KANSAS CITY, Mo -- An FBI background check wasn't enough to stop a dangerous felon from buying a gun he used to shoot three Kansas City police officers.
You saw it first on FOX4 Tuesday night, the breakdown that allowed Marlin Mack to buy the gun. FOX4 Problem Solvers continue to ask questions about how Mack was allowed to buy the gun, and we've gotten some answers.
Those answers have brought up more questions.
Police say 25-year-old Marlin Mack shot and killed UMKC graduate student Sharath Koppu on July 6 near 54th and Prospect during an attempted robbery.
Kansas City police found Mack nine days later, and he shot three Kansas City police officers during a shootout. Mack was killed.
As FOX4 Problem Solvers previously reported, Mack bought the AK-47 pistol he used to shoot the officers at The Armory KC gun store in Independence one day before the shooting. Mack passed the FBI background check even though he was a convicted felon and not allowed to have a gun.
“What are your police officers saying about this whole thing?” FOX4 reporter Shannon O’Brien asked Brad Lemon, president of the Kansas City Police Union.
“You know, the same thing everybody else is. How did he get a gun? How was he out? How was he allowed to put himself in the position?” Lemon said.
The KCPD officers are still recovering from the incident a month ago. To answer Lemon’s questions, FOX4 Problem Solvers contacted the FBI to ask how Mack passed the background check and was allowed to leave the store with a powerful gun.
FBI Spokesperson Stephen Fischer sent this reply:
“Mr. Mack provided false biographical information at the time of his firearm purchase. That information can only be verified at the point of sale. The false information was submitted to the FBI and searched through the national instant criminal background check system (NICS). As the false information did not match a prohibited record, the request was cleared to proceed.”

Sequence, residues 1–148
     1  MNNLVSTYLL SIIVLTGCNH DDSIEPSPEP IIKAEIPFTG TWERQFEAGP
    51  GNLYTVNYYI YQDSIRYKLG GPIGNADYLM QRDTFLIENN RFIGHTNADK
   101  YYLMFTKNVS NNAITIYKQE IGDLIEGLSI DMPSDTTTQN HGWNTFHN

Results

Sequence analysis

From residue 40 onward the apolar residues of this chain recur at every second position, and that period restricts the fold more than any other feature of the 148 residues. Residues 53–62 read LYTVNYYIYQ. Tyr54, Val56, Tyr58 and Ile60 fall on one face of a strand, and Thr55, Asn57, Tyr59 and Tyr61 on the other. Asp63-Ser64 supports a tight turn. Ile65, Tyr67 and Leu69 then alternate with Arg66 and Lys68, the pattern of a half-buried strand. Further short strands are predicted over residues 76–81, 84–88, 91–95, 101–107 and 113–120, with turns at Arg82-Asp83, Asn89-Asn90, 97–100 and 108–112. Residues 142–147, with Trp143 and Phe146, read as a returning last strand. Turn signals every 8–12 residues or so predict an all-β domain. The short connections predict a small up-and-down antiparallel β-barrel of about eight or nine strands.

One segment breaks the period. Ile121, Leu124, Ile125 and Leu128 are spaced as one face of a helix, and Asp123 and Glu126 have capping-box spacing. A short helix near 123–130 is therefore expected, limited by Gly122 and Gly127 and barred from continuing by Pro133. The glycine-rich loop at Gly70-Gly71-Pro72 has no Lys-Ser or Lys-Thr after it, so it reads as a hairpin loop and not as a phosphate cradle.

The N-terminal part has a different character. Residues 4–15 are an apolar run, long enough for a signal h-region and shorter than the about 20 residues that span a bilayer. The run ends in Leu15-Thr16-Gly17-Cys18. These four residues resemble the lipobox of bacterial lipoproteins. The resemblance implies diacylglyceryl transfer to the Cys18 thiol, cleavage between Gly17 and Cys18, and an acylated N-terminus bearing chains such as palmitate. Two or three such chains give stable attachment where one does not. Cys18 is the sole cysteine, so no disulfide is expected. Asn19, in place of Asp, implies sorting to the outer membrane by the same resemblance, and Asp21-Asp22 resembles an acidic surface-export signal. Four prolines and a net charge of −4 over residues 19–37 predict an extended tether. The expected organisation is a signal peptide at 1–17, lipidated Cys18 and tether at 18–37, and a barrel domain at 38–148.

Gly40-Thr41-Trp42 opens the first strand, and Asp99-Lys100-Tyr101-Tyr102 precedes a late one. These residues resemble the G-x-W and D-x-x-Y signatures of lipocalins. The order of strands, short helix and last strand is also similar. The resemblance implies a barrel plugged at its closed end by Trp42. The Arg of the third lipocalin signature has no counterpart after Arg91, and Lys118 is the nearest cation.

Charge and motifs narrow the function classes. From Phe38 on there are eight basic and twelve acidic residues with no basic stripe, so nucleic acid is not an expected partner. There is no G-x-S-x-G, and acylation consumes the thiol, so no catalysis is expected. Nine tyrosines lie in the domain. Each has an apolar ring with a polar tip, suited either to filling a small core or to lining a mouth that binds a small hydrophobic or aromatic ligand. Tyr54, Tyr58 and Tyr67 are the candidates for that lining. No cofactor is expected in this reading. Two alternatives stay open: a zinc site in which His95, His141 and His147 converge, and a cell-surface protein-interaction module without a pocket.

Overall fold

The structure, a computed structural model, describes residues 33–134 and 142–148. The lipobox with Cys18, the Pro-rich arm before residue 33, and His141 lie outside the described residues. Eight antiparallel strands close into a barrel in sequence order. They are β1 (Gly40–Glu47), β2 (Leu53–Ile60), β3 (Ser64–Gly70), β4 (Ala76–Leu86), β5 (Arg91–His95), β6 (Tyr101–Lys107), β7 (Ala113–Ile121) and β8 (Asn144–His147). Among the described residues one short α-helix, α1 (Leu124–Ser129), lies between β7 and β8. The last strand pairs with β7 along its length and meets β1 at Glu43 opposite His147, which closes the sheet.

Michael Tabman is a retired FBI Special Agent in Charge. He said it's important to know what the false biographical information is to determine where the breakdown occurred.
"In that case that if it is someone else`s name, date of birth, it comes back not a hit then. What are you going to do? There is not much we can argue about. It was a false ID," Tabman said. “The other could be it was just a misstep that still should have been picked up."
Since FOX4 didn't get specifics from the FBI, we went to The Armory KC. The owner didn't want to go on camera but let us see the information he said Mack provided on the application and matched his Missouri driver’s license.
The name is slightly different. We're talking about Marlin James Mack Jr., but Mack said his middle initial was "W."
Mack’s place of birth was also incorrect, but the most important piece of information, his birthday, was correct.
Tabman now owns Spirit Asset Protection and routinely runs background checks for employers. FOX4 gave him the exact information provided to the FBI and asked him to see what he could find.
Tabman entered the name Marlin Mack with the birthday Mack provided, 5-25-93, and Marlin James Mack Jr. popped up right away with a long list of felony convictions.
Although the middle name is not the same, Tabman said this should have at least triggered a three-day hold while the FBI investigated further.
When FOX4 asked Fischer about the information we uncovered, he replied, “We have no further comment at this time."